Hurst v. Colvin, No. 4:2014cv01465 - Document 18 (E.D. Mo. 2015)

Court Description: OPINION MEMORANDUM AND ORDER: IT IS HEREBY ORDERED that the decision of the Commissioner of Social Security is affirmed. A separate judgment in accordance with this Opinion, Memorandum and Order is entered this same date. Signed by District Judge Henry Edward Autrey on 09/01/2015. (CLK)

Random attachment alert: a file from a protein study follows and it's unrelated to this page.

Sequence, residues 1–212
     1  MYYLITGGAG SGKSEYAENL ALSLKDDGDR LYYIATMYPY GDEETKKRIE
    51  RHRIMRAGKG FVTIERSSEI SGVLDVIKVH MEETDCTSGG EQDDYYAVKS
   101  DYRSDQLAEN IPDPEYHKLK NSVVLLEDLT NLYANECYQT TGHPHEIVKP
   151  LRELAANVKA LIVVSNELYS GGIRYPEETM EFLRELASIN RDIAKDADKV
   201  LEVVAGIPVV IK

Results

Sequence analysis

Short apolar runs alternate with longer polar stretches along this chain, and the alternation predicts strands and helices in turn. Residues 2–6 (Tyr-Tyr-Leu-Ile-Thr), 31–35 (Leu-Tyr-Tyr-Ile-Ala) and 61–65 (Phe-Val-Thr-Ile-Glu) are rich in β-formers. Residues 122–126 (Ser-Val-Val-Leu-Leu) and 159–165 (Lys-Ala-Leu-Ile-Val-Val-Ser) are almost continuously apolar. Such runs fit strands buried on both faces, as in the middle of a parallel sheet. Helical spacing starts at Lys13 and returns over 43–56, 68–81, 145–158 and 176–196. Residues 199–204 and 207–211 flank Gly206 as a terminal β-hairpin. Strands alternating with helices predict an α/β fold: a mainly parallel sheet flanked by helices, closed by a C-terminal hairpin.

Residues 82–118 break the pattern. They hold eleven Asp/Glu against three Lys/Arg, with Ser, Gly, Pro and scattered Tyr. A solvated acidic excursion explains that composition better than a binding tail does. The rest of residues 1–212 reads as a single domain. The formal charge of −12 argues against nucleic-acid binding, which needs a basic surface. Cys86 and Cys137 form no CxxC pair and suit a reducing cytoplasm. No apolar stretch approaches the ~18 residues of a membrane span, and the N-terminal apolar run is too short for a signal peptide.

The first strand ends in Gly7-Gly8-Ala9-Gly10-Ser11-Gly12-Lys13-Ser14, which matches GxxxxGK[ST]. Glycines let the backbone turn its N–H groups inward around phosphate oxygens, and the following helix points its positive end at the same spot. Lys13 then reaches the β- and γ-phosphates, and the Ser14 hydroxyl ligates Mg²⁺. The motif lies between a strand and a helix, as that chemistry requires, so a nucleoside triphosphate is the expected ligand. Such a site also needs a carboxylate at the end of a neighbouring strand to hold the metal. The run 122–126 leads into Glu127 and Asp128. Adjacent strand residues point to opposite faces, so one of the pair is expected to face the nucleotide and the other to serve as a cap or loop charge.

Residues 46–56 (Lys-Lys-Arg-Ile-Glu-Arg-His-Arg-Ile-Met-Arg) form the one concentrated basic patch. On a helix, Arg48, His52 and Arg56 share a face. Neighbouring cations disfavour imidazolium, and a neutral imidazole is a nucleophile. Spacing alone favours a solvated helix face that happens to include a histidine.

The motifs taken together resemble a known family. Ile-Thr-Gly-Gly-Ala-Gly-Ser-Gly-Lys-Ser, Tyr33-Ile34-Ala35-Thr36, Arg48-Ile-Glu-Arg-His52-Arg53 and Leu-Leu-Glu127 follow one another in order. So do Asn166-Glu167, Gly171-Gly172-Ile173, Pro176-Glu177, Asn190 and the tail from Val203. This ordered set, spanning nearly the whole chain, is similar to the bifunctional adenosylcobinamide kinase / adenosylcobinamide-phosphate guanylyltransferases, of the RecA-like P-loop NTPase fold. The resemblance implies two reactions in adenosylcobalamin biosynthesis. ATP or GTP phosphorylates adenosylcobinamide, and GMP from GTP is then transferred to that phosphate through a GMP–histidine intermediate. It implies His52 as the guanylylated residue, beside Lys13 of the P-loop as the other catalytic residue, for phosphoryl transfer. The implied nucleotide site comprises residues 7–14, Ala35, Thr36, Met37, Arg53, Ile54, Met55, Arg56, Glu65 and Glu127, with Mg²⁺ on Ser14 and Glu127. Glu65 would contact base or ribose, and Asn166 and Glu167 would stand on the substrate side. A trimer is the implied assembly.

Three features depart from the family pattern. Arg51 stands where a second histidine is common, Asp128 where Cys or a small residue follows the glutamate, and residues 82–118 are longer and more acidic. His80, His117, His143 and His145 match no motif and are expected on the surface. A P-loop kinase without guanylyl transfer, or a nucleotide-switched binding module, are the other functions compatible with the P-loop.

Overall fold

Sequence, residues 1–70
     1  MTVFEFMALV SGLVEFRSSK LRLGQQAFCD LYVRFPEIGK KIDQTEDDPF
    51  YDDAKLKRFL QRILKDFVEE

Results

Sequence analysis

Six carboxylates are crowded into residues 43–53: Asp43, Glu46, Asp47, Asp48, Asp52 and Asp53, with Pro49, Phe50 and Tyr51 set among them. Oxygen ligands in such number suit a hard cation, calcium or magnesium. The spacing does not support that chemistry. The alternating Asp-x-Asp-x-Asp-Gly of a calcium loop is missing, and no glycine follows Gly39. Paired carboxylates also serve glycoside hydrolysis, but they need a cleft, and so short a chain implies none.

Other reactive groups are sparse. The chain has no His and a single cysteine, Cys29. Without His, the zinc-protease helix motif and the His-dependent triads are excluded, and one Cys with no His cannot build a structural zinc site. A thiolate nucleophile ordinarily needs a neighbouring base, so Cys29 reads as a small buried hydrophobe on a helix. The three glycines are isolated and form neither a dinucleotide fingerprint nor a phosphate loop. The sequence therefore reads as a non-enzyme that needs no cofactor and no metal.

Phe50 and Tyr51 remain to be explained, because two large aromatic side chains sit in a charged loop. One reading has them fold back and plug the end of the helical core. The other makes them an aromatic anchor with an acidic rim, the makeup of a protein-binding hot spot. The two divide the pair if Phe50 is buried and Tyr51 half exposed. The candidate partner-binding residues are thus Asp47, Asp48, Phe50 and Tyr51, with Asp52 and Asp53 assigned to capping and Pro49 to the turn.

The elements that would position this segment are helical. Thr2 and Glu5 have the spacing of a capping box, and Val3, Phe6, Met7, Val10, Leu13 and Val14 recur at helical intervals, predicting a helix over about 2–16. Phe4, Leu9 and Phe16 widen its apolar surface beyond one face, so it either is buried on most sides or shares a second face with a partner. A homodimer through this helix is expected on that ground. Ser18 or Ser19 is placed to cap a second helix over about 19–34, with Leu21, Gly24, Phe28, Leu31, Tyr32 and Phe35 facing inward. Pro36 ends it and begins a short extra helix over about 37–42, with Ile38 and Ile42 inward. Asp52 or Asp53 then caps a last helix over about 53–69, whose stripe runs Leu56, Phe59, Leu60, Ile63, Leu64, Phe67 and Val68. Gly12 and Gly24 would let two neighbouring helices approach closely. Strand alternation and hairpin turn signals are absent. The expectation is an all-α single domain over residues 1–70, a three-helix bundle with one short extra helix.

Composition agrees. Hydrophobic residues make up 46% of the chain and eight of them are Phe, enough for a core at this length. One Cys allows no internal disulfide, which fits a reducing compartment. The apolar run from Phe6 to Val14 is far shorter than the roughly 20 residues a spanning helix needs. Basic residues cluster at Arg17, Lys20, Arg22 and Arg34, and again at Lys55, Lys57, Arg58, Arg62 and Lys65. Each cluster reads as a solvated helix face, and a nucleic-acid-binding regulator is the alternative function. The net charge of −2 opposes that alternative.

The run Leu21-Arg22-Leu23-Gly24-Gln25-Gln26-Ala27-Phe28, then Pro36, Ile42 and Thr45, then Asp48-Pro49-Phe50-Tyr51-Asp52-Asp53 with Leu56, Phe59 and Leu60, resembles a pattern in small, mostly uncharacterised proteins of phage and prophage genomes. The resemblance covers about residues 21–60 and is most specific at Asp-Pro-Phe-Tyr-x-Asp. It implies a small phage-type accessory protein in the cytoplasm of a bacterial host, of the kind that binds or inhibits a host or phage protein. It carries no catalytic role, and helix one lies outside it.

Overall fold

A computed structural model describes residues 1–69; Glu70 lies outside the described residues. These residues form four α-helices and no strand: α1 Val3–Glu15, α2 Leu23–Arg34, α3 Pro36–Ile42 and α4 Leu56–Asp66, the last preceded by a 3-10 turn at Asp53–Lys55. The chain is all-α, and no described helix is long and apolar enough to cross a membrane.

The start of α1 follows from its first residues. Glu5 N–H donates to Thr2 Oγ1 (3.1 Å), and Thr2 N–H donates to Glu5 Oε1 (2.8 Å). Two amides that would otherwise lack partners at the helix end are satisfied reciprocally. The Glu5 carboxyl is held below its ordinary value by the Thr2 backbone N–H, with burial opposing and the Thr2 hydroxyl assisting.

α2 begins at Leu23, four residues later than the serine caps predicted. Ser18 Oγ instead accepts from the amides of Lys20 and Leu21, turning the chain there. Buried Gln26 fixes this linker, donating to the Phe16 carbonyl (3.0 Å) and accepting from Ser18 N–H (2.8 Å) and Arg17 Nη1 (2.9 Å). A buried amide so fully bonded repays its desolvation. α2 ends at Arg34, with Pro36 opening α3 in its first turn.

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UNITED STATES DISTRICT COURT EASTERN DISTRICT OF MISSOURI EASTERN DIVISION YOLANDA HURST, Plaintiff, v. CAROLYN W. COLVIN, Acting Commissioner of Social Security Administration, Defendant. ) ) ) ) ) ) ) ) ) ) ) ) No. 4:14CV1465 HEA OPINION, MEMORANDUM AND ORDER This matter is before the Court on Plaintiff’s request for judicial review under 42 U.S.C. § 405(g) of the final decision of Defendant denying Plaintiff’s application supplemental security income (SSI) under Titles II and XVI of the Social Security Act (Act), 42 U.S.C. §§ 401-434, 1381-1385 . For the reasons set forth below, the Court will affirm the Commissioner's denial of Plaintiff's applications. Facts and Background On May 2, 2013 Plaintiff appeared and testified before Administrative Law Judge Joseph Warzycki. Plaintiff was 44 years old at the time of the hearing. Plaintiff did not complete high school and had past work experience as a housekeeper and factory worker through temporary employment services. She resides in a single family residence with a male friend. She does the grocery shopping and and household chores such as cleaning and sweeping, making the bed, cooking and doing laundry. She also has a cat and changes the litter box. Plaintiff also is able to walk to and from the car in order to go grocery shopping and other places. Plaintiff testified that she suffers from pain in her feet and back. As a result she can’t stand or walk very long due to the pain. She has callouses on her feet and they throb all the time even through the evening when she is at rest. She testified that she could lift one gallon of milk but two gallons would be too heavy. As to her mental health she testified that she has depression and takes Celexa for it. The ALJ concluded, based upon the inquiry, and responses, of the Plaintiff, and the documentary and records evidence presented, the testimony of Dr. Mary Jo Kosinski, Dr. Charles Dwight Auvenshine, and the Vocational Expert, Barbara Meyers, that Plaintiff retained the Residual Functional Capacity to perform sedentary work except she is able to lift, carry, push, and pull 10 pounds occasionally and less than 10 pounds frequently; she is able to sit for 6 hours in an 8 hour workday and is able to stand and or walk for 2 hours in an 8-hour workday, for a total of 8 hours in an 8 hour workday; Plaintiff can occasionally climb, balance, stoop, crouch, kneel, and crawl; she should avoid climbing ladders, ropes, -2- and scaffolds; the Plaintiff should avoid concentrated exposure to unprotected heights; and finally she is limited to simple, repetitive tasks and instructions. The ALJ found Plaintiff had the severe impairments of borderline intellectual functioning, essential hypertension, and shortness of breath. The ALJ found Plaintiff does not have an impairment or combination of impairments that meets or medically equals the severity of one of the listed impairments in 20 CFR Part 404, Subpart P, Appendix 1, 416.920(d), 416.925 and 416.926. The ALJ also concluded that Plaintiff was not capable of performing past relevant work. The ALJ therefore concluded Plaintiff was not disabled. The Appeals Council denied her request for review on July 14, 2014.The decision of the ALJ is now the final decision for review by this court. Statement of Issues The issues in a Social Security case are whether the final decision of the Commissioner is consistent with the Social Security Act, regulations, and applicable case law, and whether the findings of fact by the ALJ are supported by substantial evidence on the record as a whole. Here the Plaintiff asserts the ALJ improperly found that Plaintiff’s mental impairments did not meet or equal listing 12.05 Standard For Determining Disability -3- The Social Security Act defines as disabled a person who is “unable to engage in any substantial gainful activity by reason of any medically determinable physical or mental impairment which can be expected to result in death or which has lasted or can be expected to last for a continuous period of not less than twelve months.” 42 U.S.C. § 1382c(a)(3)(A); see also Hurd v. Astrue, 621 F.3d 734, 738 (8th Cir.2010). The impairment must be “of such severity that [the claimant] is not only unable to do his previous work but cannot, considering his age, education, and work experience, engage in any other kind of substantial gainful work which exists in the national economy, regardless of whether such work exists in the immediate area in which he lives, or whether a specific job vacancy exists for him, or whether he would be hired if he applied for work.” 42 U.S.C. § 1382c(a)(3)(B). A five-step regulatory framework is used to determine whether an individual claimant qualifies for disability benefits. 20 C.F.R. §§ 404.1520(a), 416.920(a); see also McCoy v. Astrue, 648 F.3d 605, 611 (8th Cir.2011) (discussing the five-step process). At Step One, the ALJ determines whether the claimant is currently engaging in “substantial gainful activity”; if so, then he is not disabled. 20 C.F.R. §§ 404.1520(a)(4)(I), 416.920(a)(4)(I); McCoy, 648 F.3d at 611. At Step Two, the ALJ determines whether the claimant has a severe impairment, which is “any impairment or combination of impairments which significantly limits [the claimant's] physical or mental ability to do basic work activities”; if the claimant -4- does not have a severe impairment, he is not disabled. 20 C.F.R. §§ 404.1520(a) (4)(ii), 404.1520(c), 416.920(a)(4)(ii), 416.920(c); McCoy, 648 F.3d at 611. At Step Three, the ALJ evaluates whether the claimant's impairment meets or equals one of the impairments listed in 20 C.F.R. Part 404, Subpart P, Appendix 1 (the “listings”). 20 C.F.R. §§ 404.1520(a)(4)(iii), 416.920(a)(4)(iii). If the claimant has such an impairment, the Commissioner will find the claimant disabled; if not, the ALJ proceeds with the rest of the five-step process. 20 C.F.R. §§ 404.1520(d), 416.920(d); McCoy, 648 F.3d at 611. Prior to Step Four, the ALJ must assess the claimant's “residual functional capacity” (“RFC”), which is “the most a claimant can do despite [his] limitations.” Moore v. Astrue, 572 F.3d 520, 523 (8th Cir.2009) (citing 20 C.F.R. § 404.1545 (a) (1)); see also 20 C.F.R. §§ 404.1520(e), 416.920(e). At Step Four, the ALJ determines whether the claimant can return to his past relevant work, by comparing the claimant's RFC with the physical and mental demands of the claimant's past relevant work. 20 C.F.R. §§ 404.1520(a) (4) (iv), 404.1520(f), 416.920(a) (4) (iv), 416.920(f); McCoy, 648 F.3d at 611. If the claimant can perform his past relevant work, he is not disabled; if the claimant cannot, the analysis proceeds to the next step. Id... At Step Five, the ALJ considers the claimant's RFC, age, education, and work experience to determine whether the claimant can make an adjustment to other work in the national economy; if the claimant cannot make an adjustment to -5- other work, the claimant will be found disabled. 20 C.F.R. §§ 404.1520(a)(4)(v), 416.920(a)(4)(v); McCoy, 648 F.3d at 611. Through Step Four, the burden remains with the claimant to prove that he is disabled. Moore, 572 F.3d at 523. At Step Five, the burden shifts to the Commissioner to establish that the claimant maintains the RFC to perform a significant number of jobs within the national economy. Id.; Brock v. Astrue, 674 F.3d 1062, 1064 (8th Cir.2012). RFC A claimant's Residual Functional Capacity (RFC) is the most an individual can do despite the combined effects of all of his or her credible limitations. See 20 C.F.R. § 404.1545. An ALJ's RFC finding is based on all of the record evidence, including the claimant's testimony regarding symptoms and limitations, the claimant's medical treatment records, and the medical opinion evidence. See Wildman v. Astrue, 596 F.3d 959, 969 (8th Cir.2010); see also 20 C.F.R. § 404.1545; Social Security Ruling (SSR) 96–8p. An ALJ may discredit a claimant's subjective allegations of disabling symptoms to the extent they are inconsistent with the overall record as a whole, including: the objective medical evidence and medical opinion evidence; the claimant's daily activities; the duration, frequency, and intensity of pain; dosage, effectiveness, and side effects of medications and -6- medical treatment; and the claimant's self-imposed restrictions. See Polaski v. Heckler, 739 F.2d 1320, 1322 (8th Cir.1984); 20 C.F.R. § 404.1529; SSR 96–7p. A claimant's subjective complaints may not be disregarded solely because the objective medical evidence does not fully support them. The absence of objective medical evidence is just one factor to be considered in evaluating the claimant's credibility and complaints. The ALJ must fully consider all of the evidence presented relating to subjective complaints, including the claimant's prior work record, and observations by third parties and treating and examining physicians relating to such matters as: (1) the claimant's daily activities; (2) the subjective evidence of the duration, frequency, and intensity of the claimant's pain; (3) any precipitating or aggravating factors; (4) the dosage, effectiveness, and side effects of any medication; and (5) the claimant's functional restrictions. Although the ALJ bears the primary responsibility for assessing a claimant's RFC based on all relevant evidence, a claimant's RFC is a medical question. Hutsell v. Massanari, 259 F.3d 707, 711 (8th Cir.2001) (citing Lauer v. Apfel, 245 F.3d 700, 704 (8th Cir.2001)). Therefore, an ALJ is required to consider at least some supporting evidence from a medical professional. See Lauer, 245 F.3d at 704 -7- (some medical evidence must support the determination of the claimant's RFC); Casey v. Astrue, 503 F .3d 687, 697 (the RFC is ultimately a medical question that must find at least some support in the medical evidence in the record). An RFC determination made by an ALJ will be upheld if it is supported by substantial evidence in the record. See Cox v. Barnhart, 471 F.3d 902, 907 (8th Cir.2006). The ALJ must make express credibility determinations and set forth the inconsistencies in the record which cause him to reject the claimant's complaints. Guilliams v. Barnhart, 393 F.3d 798, 802 (8th Cir.2005). “It is not enough that the record contains inconsistencies; the ALJ must specifically demonstrate that he considered all of the evidence.” Id. The ALJ, however, “need not explicitly discuss each Polaski factor.” Strongson v. Barnhart, 361 F.3d 1066, 1072 (8th Cir.2004). The ALJ need only acknowledge and consider those factors. Id. Although credibility determinations are primarily for the ALJ and not the court, the ALJ's credibility assessment must be based on substantial evidence. Rautio v. Bowen, 862 F.2d 176, 179 (8th Cir.1988). The burden of persuasion to prove disability and demonstrate RFC remains on the claimant. See Steed v. Astrue, 524 F.3d 872, 876 (8th Cir. 2008). ALJ Decision The ALJ here utilized the five-step analysis as required in these cases. The ALJ determined at Step One that Plaintiff had not engaged in substantial gainful -8- activity during the period from the alleged onset date of October 7, 2011. The ALJ found at Step Two that Plaintiff had the severe impairments borderline intellectual functioning; essential hypertension; and shortness of breath. At Step Three, the ALJ found that Plaintiff did not suffer from an impairment or combination of impairments that meets or medically equal the severity of one of the listed impairments in 20 CFR Part 404, Subpart P, Appendix 1, Part A (416.920(d), 416.925 and 416.926). As required, prior to Step Four, the ALJ determined the Residual Functional Capacity of Plaintiff to perform sedentary work as defined in 20 CFR 04.1567(c) and 416.967(a) except lifting, carrying, pushing, pulling no more than 10 pounds occasionally and less than 10 pounds frequently; sitting for 6 hours in an 8-hour workday and able to stand and or walk for 2 hours in an 8-hour workday, for a total of 8 hours in an 8-hour workday; the Plaintiff can occasionally climb, balance, stoop, crouch, kneel, and crawl; should avoid climbing ladders, ropes, and scaffolds; should avoid concentrated exposure to unprotected heights; and she is limited to simple, repetitive tasks and instructions. At Step Four it was the finding of the ALJ that Plaintiff was not capable of performing past relevant work. Step Five the ALJ concluded that considering the Plaintiff’s age, education, work experience, and residual functional capacity, there are jobs that exist in -9- significant numbers in the national economy that Plaintiff can perform. The ALJ, therefore, found Plaintiff not disabled, and denied the benefits sought in the Application. Judicial Review Standard The Court’s role in reviewing the Commissioner’s decision is to determine whether the decision “‘complies with the relevant legal requirements and is supported by substantial evidence in the record as a whole.’” Pate–Fires v. Astrue, 564 F.3d 935, 942 (8th Cir.2009) (quoting Ford v. Astrue, 518 F.3d 979, 981 (8th Cir.2008)). “Substantial evidence is ‘less than preponderance, but enough that a reasonable mind might accept it as adequate to support a conclusion.’” Renstrom v. Astrue, 680 F.3d 1057, 1063 (8th Cir.2012) (quoting Moore v. Astrue, 572 F.3d 520, 522 (8th Cir.2009)). In determining whether substantial evidence supports the Commissioner’s decision, the Court considers both evidence that supports that decision and evidence that detracts from that decision. Id. However, the court “‘do[es] not reweigh the evidence presented to the ALJ, and [it] defer[s] to the ALJ’s determinations regarding the credibility of testimony, as long as those determinations are supported by good reasons and substantial evidence.’” Id. (quoting Gonzales v. Barnhart, 465 F.3d 890, 894 (8th Cir.2006)). “If, after reviewing the record, the court finds it is possible to draw two inconsistent positions from the evidence and one of those positions represents the ALJ’s - 10 - findings, the court must affirm the ALJ’s decision.’” Partee v. Astrue, 638 F.3d 860, 863 (8th Cir.2011) (quoting Goff v. Barnhart, 421 F.3d 785, 789 (8th Cir.2005)). Courts should disturb the administrative decision only if it falls outside the available “zone of choice” of conclusions that a reasonable fact finder could have reached. Hacker v. Barnhart, 459 F.3d 934, 936 (8th Cir.2006). The Eighth Circuit has repeatedly held that a court should “defer heavily to the findings and conclusions” of the Social Security Administration. Hurd v. Astrue, 621 F.3d 734, 738 (8th Cir. 2010); Howard v. Massanari, 255 F.3d 577, 581 (8th Cir. 2001). Discussion A. Did the ALJ properly find that Plaintiff’s mental impairments did not meet or equal listing 12.05? The essence of Plaintiff’s position is that the ALJ erred in determining that her mental impairments did not meet the listing for mental retardation, which was the terminology used in the framework of application at the time of the ALJ ruling. Review of the transcript, record evidence, and decision of the ALJ yields a conclusion wholly contrary to Plaintiff’s position. The ALJ found that the severe impairments of borderline intellectual functioning, high blood pressure, and shortness of breath applicable to the Plaintiff did not meet or equal any of the criteria for any listed impairment, particularly mental retardation (listing 12.05). - 11 - Plaintiff must meet one of four severity prongs and the diagnostic description of mental retardation in listing 12.05 in order to establish disabling mental retardation; Maresh v. Barnhart, 438 F. 3d 897, 899 (8th Cir. 2006). More specifically Plaintiff must establish (1) significantly subaverage general intellectual functioning with deficits in adaptive functioning, (2) an onset of the impairment before age 22, (3) a valid IQ score between 60 and 70, and (4) an additional sever impairment. 20 C.F.R. pt. 404, subpt. P, app.1, § 12.05; Bestv. Astrue, No. 2:12CV-7LMB, 213 WL 1163464 at *12 (E.D.Mo. Mar. 20, 2013). Here the ALJ specifically found that Plaintiff had a full scale IQ score in December of 2011. That score was reflected as 70. The psychologist who administered the test noted this was reflective of borderline intellectual functioning rather than mental retardation. The psychologist, Bruner, observed in her evaluation that “there does not appear to be any significant psychological symptomology which would preclude obtaining or maintaining employment”. As such the ALJ reasonably concluded that the IQ score was not valid as a diagnosis of mental retardation. The ALJ’s finding that a claimant did not establish the required deficits in adaptive functioning was supported by the fact that a psychologist diagnosed borderline intellectual functioning instead of mental retardation. See, Cheatum v. Astrue, 388 F. App’x 574, 577 (8th Cir. 2010). - 12 - The ALJ clearly considered all the medical opinion, evidence in the record in evaluating Plaintiff’s intellectual functioning. It is incumbent upon the ALJ to consider the opinion evidence together with the rest of the relevant evidence in determining disability. Furthermore, it is up to the ALJ to determine the weight each opinion is due. See, Finch v. Astrue, 547 F. 3d 933, 936 (8th Cir. 2008). Plaintiff must establish deficits in adaptive functioning which is sufficient to meet the diagnostic description of mental retardation. At the hearing, The ALJ considered the opinion of medical expert Dr. Auvenshire, Ph.D. Upon review of the records and under examination he concluded that Plaintiff’s intellectual deficits did not rise to the level of mental retardation as defined in listing 12.05. Dr. Auvenshire was able to review the entire record to assist in developing his opinion. Great weight was correctly given to his opinion. The opinion was consistent with other evidence in the record and he properly considered Plaintiff’s prior work history in assessing her ability or inability to function in a work setting. The fact that Plaintiff worked successfully with her present level of intellectual functioning, coupled with the absence of evidence of significant deterioration in her intellectual functioning demonstrate the impairments are not disabling in the present. Goff v. Barnhart, 421 F. 3d 785, 79293 (8th Cir. 2005). In addition, in a report filed by Plaintiff she stated she stopped working in July of 2003 due to a lack of jobs, not as a result of any mental - 13 - impairments. She also testified that she did not stop searching for jobs due to mental impairment, but due to difficulty standing. The ALJ also considered the opinion of Marsha Toll, Psy. D. Dr. Toll reviewed the record in December of 2011and concluded the medical evidence demonstrated that Plaintiff could perform simple work-related tasks. As a state agency consultant it was appropriate to assign great weight to her testimony and opinions. ALJ Warzycki found the opinion testimony of Toll to be consistent with the medical evidence as a whole. The record demonstrates that the ALJ was correct in placing great weight in the opinion of Toll. Dr. Toll was familiar with agency disability programs and the opinion was clearly consistent with the medical evidence. As such the ALJ acted reasonably in evaluating and relying upon the testimony of Dr. Toll in light of the other consistent evidence in the record. Substantial evidence therefore supports the finding that Plaintiff did not meet or equal the requirement for mental retardation under 12.05. After careful review, the Court finds the ALJ’s decision is supported by substantial evidence on the record as a whole. The decision will be affirmed. Accordingly, IT IS HEREBY ORDERED that the decision of the Commissioner of Social Security is affirmed. - 14 - A separate judgment in accordance with this Opinion, Memorandum and Order is entered this same date. Dated this 1st day of September, 2015. ______________________________ HENRY EDWARD AUTREY UNITED STATES DISTRICT JUDGE - 15 -